And as Ebola took its harsh economic toll, the stock market slide that began after the summer 2014 crest suddenly became a rout. Years of bullish lassitude evaporated in weeks of fear. Without the tailwind of federal reserve money printing panicked sellers swamped those few buyers hoping to pick “bargains.” Venture capital ceased. Start-ups shuttered. Mass lay-offs began–this time unaccompanied by appeals for foreign workers. Perspectives were bleak. But those were the good-old-days, alas.
Because one dreary Wednesday a very large Treasury sell order passed a trader’s desk. And then another. And then, as the youths are prone to say…the shit got real. China, along with its pacified Hong Kong province, and Russia put their US Treasury inventories up for sale. Everything. Approximately a trillion and a half. There was obviously no capable buyer and interest rates spiked instantly in search of a bid. The bear market in equities turned vertical. The federal reserve called an emergency meeting to commence immediate QE (Operation Monetary MOAB) money printing. Have you ever seen $trillion? You would on that day as the FRB began open market purchasing to vacuum up the lake of American debt now drowning world markets. The dollar began to slide immediately. Housing starts in America fell dead as if from a gunshot. One week later Big Macs cost $1 more. Gas was $6/gallon. It didn’t stop there.
And as fates sometimes collude, Ebola and The Economy were’t the only seams unraveling in multi-cult America. The Ferguson protests persisted as a chronic boil. Two more police had been wounded; one mortally. He passed from Earth taking an
UNARMED! heavily armed black criminal with him. Politicians and the media mourned only the latter. And as options were fondled amidst increasing dysfunction, a civilizational path was chosen: retreat. White officers were simply relieved of duty, or reassigned to other jurisdictions. Few were replaced. The town was simply, quietly ceded to its occupants. Ferguson now enjoyed the sovereign chaos it had demanded. As for the whites stranded in the evacuation, most were not subtlety offered the choice so common in tribal conflict: the suitcase or the coffin. And since losing a life’s savings is less than losing a life, they chose the former. And only a generation after being 3/4 white, Ferguson’s ethnic cleansing was complete.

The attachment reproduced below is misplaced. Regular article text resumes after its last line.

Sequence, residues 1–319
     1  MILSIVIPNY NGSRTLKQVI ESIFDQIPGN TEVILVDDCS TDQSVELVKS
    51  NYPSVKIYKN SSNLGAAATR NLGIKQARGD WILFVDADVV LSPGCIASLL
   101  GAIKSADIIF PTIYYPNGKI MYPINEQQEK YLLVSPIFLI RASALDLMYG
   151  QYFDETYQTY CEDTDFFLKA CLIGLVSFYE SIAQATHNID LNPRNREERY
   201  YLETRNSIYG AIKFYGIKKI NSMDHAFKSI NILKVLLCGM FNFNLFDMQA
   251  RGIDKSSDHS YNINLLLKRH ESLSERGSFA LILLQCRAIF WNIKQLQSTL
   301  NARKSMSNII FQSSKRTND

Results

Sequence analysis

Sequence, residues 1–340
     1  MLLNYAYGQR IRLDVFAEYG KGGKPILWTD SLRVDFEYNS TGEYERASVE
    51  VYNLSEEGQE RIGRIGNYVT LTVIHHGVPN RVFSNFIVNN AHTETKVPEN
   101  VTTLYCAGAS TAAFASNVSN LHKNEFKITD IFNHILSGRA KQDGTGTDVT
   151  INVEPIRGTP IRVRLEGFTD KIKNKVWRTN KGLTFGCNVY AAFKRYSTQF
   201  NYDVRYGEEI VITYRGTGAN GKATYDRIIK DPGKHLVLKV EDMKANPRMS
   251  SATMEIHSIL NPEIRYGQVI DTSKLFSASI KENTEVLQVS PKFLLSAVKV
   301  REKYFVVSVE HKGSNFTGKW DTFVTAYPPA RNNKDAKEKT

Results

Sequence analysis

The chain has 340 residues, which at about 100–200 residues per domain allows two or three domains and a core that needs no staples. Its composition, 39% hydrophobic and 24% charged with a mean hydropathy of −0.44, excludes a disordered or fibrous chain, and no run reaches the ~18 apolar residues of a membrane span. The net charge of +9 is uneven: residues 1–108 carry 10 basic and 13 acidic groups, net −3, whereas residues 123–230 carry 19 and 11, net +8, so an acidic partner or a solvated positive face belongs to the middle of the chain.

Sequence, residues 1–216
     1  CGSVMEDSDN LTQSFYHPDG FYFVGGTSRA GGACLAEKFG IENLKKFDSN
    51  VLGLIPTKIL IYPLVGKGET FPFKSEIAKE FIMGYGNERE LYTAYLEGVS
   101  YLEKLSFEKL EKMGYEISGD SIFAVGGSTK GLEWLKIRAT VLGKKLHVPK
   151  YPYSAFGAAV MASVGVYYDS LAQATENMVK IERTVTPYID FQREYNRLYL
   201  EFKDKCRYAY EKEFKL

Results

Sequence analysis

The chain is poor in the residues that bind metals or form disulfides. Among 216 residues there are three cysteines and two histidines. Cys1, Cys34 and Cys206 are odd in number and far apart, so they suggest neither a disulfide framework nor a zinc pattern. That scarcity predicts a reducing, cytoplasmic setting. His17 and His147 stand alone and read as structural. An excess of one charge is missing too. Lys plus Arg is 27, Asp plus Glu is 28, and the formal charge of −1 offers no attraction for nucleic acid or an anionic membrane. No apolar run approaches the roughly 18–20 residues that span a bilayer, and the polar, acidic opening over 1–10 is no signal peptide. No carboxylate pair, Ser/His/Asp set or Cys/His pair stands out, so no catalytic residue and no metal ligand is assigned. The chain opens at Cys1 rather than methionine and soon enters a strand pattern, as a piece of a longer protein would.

Would that have been that. But it was not. For having established new precedent, and with the media’s encouragement, Fergusons began to emerge from quarantine in parallel with Ebola. New instances occurring each time a youth lost his gun battle with police. Always unarmed, always a good kid, always the same sententious editorials and rhyming reverends demanding more white money and fewer white people. The model persisted because the model worked.
And then the Zebra killings started. Of course the first few dozen were reported as “random violence” and “robberies gone wrong.” A yeoman’s effort at subterfuge. But other scenes were decorated with unmistakable messages of intent. Urban whites began to panic. A near century of “racist” seeming to lose its bite overnight. Sentiments thought extinct began reemerging into open discourse. The acres of multi-racial corporate cube farms became shrouded in sullen silence. Occupants feared for their jobs, their health, and the safety of their families. Of course they also feared publicizing the fury that was so rapidly displacing their facade of tolerance.
And friction was hardly an issue of mere black and white in America 2.0. Arabs, Somalis, Asians, and the various shades of hispanics began to consolidate control over their own burgeoning colonies. Diversity found itself decidedly not on the right side of history, as boundaries were drawn and robustly enforced. Washington became a place very far away. Distrust, disease, violence, and poverty were its fruit. It seems in the end Yeats had been correct: the center could not hold.
And that was how it began.